“The two most important days in your life are the day you’re born and the day you find out why”. This quote from Mark Twain comes to mind when describing why I aspire to become a Physician Assistant. The journey to finding one’s professional “why” can be tough, it can sometimes force one to settle and give up on the journey altogether but in other cases, cases of so many who have genuine love in what they do, it requires constant self-reflection, faith and unyielding determination to continue on. Early on in my academic career I lacked the maturity to grasp this concept, I wasn’t committed to the process of learning and was without intrinsic motivation to dedicate myself to it. I knew I wanted a career in medicine but when asked difficult questions of why, I could only give the generic answer, “Because I want to help people”. That reason wasn’t enough, I needed something more, something that could drive me to work night shifts and head to school immediately after, something that could push me to retake courses and pursue a Masters degree. To find this “why” I became child-like, asking many questions, majority of them beginning with why. Why was it important for me to help people through medicine? Why not a trainer, a physician or a nurse? Why not anything else?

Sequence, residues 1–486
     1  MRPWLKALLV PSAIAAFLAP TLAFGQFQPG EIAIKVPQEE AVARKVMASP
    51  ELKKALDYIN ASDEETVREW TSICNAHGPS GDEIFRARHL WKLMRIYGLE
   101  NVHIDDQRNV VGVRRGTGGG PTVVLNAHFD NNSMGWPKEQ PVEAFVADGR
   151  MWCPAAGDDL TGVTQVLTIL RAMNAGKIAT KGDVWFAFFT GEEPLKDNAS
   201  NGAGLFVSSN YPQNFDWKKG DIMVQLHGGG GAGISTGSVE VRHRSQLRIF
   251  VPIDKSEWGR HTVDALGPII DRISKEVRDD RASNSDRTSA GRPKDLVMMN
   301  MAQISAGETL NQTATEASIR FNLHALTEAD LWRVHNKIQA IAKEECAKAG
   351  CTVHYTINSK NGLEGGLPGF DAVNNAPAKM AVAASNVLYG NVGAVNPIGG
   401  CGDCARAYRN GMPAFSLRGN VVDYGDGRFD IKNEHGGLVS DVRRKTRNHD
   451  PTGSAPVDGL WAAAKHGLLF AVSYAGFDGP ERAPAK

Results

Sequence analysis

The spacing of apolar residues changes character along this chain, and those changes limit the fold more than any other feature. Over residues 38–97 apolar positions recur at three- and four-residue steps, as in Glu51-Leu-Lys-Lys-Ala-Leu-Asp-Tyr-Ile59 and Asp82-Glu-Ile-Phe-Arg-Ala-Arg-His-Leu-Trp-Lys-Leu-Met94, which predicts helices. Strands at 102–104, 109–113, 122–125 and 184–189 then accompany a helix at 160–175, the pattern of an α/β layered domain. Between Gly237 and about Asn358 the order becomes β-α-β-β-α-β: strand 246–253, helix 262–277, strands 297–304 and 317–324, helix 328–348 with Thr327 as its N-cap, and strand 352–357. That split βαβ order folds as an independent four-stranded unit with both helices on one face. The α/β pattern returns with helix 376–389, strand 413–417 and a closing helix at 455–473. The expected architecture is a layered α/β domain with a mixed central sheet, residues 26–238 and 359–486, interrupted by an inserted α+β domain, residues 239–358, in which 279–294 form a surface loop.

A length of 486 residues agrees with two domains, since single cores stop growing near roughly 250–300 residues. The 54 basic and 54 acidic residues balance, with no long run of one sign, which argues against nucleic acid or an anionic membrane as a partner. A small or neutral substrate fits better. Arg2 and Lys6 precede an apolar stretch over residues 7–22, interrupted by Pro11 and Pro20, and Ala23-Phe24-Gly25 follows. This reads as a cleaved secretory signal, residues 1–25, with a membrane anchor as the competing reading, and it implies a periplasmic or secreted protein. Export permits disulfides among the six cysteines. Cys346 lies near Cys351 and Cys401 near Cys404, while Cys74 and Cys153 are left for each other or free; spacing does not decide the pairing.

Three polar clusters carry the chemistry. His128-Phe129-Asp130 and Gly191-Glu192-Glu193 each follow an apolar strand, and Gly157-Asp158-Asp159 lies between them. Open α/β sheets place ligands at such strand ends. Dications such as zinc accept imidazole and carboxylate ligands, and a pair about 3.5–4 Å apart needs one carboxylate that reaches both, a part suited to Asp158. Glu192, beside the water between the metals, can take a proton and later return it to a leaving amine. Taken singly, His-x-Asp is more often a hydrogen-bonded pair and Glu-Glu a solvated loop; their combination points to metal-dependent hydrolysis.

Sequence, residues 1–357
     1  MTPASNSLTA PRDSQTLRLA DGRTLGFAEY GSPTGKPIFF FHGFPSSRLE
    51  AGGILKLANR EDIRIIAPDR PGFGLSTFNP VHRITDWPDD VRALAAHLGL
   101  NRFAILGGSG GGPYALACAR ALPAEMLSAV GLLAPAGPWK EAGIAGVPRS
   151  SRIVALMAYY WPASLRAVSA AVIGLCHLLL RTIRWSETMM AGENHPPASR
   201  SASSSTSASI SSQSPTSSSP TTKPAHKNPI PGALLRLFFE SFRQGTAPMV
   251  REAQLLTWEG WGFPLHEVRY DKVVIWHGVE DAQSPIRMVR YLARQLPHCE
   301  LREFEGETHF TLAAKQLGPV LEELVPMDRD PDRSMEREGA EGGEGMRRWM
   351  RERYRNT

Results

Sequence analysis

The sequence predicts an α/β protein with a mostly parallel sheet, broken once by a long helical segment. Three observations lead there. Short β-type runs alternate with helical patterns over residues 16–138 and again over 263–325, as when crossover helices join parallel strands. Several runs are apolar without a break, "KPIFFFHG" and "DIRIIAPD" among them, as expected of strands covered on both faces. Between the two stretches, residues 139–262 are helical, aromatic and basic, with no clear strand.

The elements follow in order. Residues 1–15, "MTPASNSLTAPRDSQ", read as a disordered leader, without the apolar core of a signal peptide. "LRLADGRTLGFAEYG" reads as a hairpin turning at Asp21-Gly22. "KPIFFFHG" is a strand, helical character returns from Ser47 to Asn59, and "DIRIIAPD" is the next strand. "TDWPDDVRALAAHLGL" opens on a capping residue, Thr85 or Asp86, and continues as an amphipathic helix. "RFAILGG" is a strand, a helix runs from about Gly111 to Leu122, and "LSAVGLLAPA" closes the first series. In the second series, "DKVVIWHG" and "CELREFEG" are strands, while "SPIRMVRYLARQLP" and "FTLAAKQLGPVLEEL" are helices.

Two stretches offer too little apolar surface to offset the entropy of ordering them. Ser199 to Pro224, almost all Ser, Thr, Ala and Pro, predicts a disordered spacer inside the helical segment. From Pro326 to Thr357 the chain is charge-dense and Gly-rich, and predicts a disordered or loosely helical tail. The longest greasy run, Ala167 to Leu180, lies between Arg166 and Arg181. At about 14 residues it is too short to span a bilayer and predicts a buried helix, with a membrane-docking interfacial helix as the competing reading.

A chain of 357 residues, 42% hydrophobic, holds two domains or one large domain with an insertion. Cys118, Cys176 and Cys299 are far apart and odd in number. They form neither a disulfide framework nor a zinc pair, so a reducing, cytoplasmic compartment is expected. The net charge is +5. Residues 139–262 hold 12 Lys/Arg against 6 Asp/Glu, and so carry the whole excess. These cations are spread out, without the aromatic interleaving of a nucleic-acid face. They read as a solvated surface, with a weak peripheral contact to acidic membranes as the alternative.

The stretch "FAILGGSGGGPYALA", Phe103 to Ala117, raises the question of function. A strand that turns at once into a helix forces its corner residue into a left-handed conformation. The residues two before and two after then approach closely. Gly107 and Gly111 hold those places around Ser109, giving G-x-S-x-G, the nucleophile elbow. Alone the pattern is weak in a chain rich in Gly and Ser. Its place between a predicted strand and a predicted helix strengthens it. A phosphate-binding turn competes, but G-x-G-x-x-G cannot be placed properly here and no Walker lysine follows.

A study of the 2005 general election in the UK found that in the Conservative party, men were selected to contest seats that were easier to win, while women were selected to contest seats that were unwinnable. Furthermore, an analysis of CEO transitions among Fortune 500 companies over a 15-year period found that white women, and women and men of color were more likely than white men to get promoted to CEO when firms were performing weakly. Another study found that when asked, law students were more likely to assign a problematic legal case to a female attorney than a male attorney.
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